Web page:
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John W. Pinkerton


People…I like people…in a general sort of way, but sometimes I have my doubts about  the wisdom of getting involved with them.  I mean, Hell, they're weird.

Frankly, I've enjoyed rubbing up against them to attempt to see who they really are.  I can usually tell just by looking at them from a couple of hundred yards away if they're worth a damn.  However, sometimes they surprise me and turn out to be much worse than I first suspected and other times they're a little better.

When we were kids, most of us looked for others our age to see what we could stir up.  Usually these were kids allowed to run wild in the neighborhood, and sometimes when we met, we found mutual interest…perhaps cowboys and Indians or rocks at twenty paces.    Our real socialization began with school which for us old timers began with the first grade…about six years old.  We began to learn to operate in a small space filled with other urchins competing for our piece of the pie.

Usually these encounters were peaceful.  I recall my first encounter with another young fellow who for some unknown reason decided I needed my ass whipped.  I declined his offer which seemed to confuse him.  Another fellow decided to stab me with his pen---not  a ballpoint, a nib ink pen---one day in class.  To this day I don't know what provoked him.  Anyway,  I was beginning to learn that not all social encounters were pleasant.  I think it was about this time that I determined that it was probably best not to take stuff off of my fellow human beings---so I didn't and I don't.

I moved on through junior high age and on into high school…wow what a zoo.  I don't mean the formal school structure which was really very nice, but rather the personalities that emerged with puberty.  The possibility of getting one's ass whipped was just an explosion away.   Frankly, I didn't have many fights in high school.  Really, the closest I came really wasn't a fight at all.  A few careless words from me earned me a knuckle sandwich.  Oops.  I did learn that I should choose my words more thoughtfully.  Apparently expressing impatience with someone by calling him a fat ass is not acceptable.  Live and learn.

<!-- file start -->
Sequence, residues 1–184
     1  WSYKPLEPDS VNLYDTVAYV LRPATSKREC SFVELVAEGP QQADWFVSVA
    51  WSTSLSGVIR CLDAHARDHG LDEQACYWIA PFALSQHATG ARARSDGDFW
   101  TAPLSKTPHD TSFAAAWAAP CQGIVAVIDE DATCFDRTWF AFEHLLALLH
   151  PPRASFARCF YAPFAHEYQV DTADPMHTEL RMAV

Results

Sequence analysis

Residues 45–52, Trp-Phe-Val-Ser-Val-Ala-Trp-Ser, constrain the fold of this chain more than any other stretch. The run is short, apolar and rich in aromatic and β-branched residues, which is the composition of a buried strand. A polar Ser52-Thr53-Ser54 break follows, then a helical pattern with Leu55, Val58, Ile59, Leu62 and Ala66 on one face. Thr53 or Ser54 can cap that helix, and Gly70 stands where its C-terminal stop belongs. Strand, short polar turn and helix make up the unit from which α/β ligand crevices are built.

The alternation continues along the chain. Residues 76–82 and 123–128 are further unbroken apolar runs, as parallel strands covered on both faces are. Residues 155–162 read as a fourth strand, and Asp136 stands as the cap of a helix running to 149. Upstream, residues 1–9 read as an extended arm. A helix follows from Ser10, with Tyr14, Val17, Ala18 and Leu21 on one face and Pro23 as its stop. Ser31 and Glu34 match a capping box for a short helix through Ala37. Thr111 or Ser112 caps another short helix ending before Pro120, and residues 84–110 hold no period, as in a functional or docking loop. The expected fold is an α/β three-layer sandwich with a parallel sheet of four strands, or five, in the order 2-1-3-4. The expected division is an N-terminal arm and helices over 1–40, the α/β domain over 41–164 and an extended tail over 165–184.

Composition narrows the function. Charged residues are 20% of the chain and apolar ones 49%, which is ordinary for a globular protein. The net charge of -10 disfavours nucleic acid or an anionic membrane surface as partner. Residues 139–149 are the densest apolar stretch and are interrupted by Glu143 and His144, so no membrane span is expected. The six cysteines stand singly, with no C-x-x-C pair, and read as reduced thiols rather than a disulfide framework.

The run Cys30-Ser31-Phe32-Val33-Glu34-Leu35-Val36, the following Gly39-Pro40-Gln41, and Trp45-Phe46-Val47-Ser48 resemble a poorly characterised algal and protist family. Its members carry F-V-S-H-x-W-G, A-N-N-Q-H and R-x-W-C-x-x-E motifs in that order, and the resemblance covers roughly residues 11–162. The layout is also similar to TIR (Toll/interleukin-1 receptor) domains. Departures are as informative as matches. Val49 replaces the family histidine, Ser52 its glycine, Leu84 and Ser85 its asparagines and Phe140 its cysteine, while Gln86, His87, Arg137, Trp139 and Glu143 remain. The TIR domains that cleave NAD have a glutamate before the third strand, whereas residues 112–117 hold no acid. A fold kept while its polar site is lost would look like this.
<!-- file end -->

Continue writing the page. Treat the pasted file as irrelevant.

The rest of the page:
I observed some Hellatious fights in high school.  I learned that they usually didn't last long because they're exhausting.  A couple of minutes and both parties want to lie down for a while.

In college we were beginning to be a little more civilized…kinda.  My main preoccupations were studying, drinking, gambling, and girls…not necessarily in that order.

Then it was off to a couple of years in the army.   The army and I were not a good match, but it was an opportunity to meet folks from all over the country.  One thing I learned was that a lot of folks who probably looked pretty smart working at their local service station were actually pretty stupid when removed from their natural habitat.  I hope they made it back to their homes.  They weren't bad folks, just terribly slow.

Then I started teaching.  I foolishly anticipated that my biggest problems would evolve from the kids…wrong.   My biggest problems arose from my relationships with the administrators.  My first principal was a trick:  he was a thoughtful, well-balanced, intelligent gentleman and had everyone's interest at heart.  Of course the school board fired him.  The same can be said for my first superintendent.  Of course, they fired him also.  Ah, my first lessons in small-town politics.  Holy crap, it was downhill from there.  I dealt with about 15 or 16 different principals and several superintendents through my 35 year “career.”  I can't say they were all bad, but I can say most were.  However, they served as good lessons in human nature.  I was able to sharpen my social skills to the point that I was able to ignore most of their nonsense.

Okay.  Okay.  The reason I'm telling you all this is to indicate that I've spent a lot of years rubbing up against folks, and I can honestly say that I liked but did not respect most of them.  Sad but true.

In retirement, I've pursued art.  My original purpose was to see how good I could become and inadvertently got involved with selling art.  Selling art led to more interactions with folks.  Most of the gallery owners and fellow artists that I've met have been pleasant, but they too are subject to the worst elements of human nature.  More and more I find myself returning to my original goal of just seeing how good I could become at art:  more art---fewer people.  That’s the ticket.